I really, really hate to admit this, but I’m a delicate-ish snorer. Blame it on a slightly deviated septum inside my otherwise excellent upturned nose. If someone’s sexing, then spending the night, I need to know they can hear my ladylike wheezing and still be attracted to me. This requires trust. How do you know you trust someone? When you let them hear you snore. BOOM.
6. You aren’t blacked out or even browned out.
Two quick definition for you dreary, emotionally stable souls who never over-indulge in satan’s brew.
Blacked out: When you wake up and don’t remember anything from a certain point in the night onward.
Browned out: When you wake up and can remember snippets from the night, but not the entire night, past a certain point.
Don’t have sex with someone for the first time when you’re drunk. They can tell, even if you can’t. Three drinks max pre-sex, no shots.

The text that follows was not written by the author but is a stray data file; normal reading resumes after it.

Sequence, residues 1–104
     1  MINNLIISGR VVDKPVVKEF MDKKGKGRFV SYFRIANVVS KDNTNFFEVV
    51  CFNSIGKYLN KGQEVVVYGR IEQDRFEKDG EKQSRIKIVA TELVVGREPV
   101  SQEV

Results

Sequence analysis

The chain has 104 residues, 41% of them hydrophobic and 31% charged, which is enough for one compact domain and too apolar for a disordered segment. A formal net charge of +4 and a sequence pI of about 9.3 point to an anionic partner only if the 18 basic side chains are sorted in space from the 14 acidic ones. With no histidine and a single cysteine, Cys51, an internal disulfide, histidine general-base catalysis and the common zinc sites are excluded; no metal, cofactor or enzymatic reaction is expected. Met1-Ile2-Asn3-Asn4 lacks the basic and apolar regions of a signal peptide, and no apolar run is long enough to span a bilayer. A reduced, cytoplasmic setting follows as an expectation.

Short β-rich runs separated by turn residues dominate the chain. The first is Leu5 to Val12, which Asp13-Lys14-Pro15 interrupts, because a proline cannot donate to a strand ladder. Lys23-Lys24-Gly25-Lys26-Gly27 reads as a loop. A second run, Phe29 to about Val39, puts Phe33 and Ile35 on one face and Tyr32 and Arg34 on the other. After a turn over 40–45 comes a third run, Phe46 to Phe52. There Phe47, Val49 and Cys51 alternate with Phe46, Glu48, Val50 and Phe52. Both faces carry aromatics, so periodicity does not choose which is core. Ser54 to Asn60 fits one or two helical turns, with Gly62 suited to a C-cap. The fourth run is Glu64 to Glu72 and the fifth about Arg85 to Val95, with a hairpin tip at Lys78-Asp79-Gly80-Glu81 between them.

7. She’s said, “I really like you.”
Hearing a girl say “I really like you” melts my frozen heart. Hold out for the “really“—I like you isn’t enough. Girls should like smoothies and really like the girls they sleep with.
What do you think? How do you know when it’s cool to sex up a lady?
Catie Curtis has been writing her own music since 1989, but her new album, Flying Dream, is the first she’s put out on her own in 10 years. After a decade of working with labels, the New England folk star raised funds for her new record with help from diehard fans, of which she has many. A prolific songwriter and seasoned traveling troubadour, Catie has made a name for herself in both the music and queer communities as an important voice for supporting independence and equality.
On Catie’s thirteenth album, she worked with Kristen Hall, an original member of the country band Sugarland, who also happens to be gay. Kristen produced Flying Dream, and co-wrote six of the songs. The end result is a cohesive 10-track tapestry of emotional folk with hints of country, pop and blues.
We spoke with Catie about recording Flying Dream, releasing the album on her own, and her recent separation from her wife.
After getting pregnant with her son, A.K. Summers knew that her experiences as a butch woman should be shared with the world. Firstly, there were no relevant websites, books or guides to being a pregnant butch, and secondly, it was a long nine months of dealing with issues that most women wouldn’t have to consider while they are planning baby showers and buying bassinets.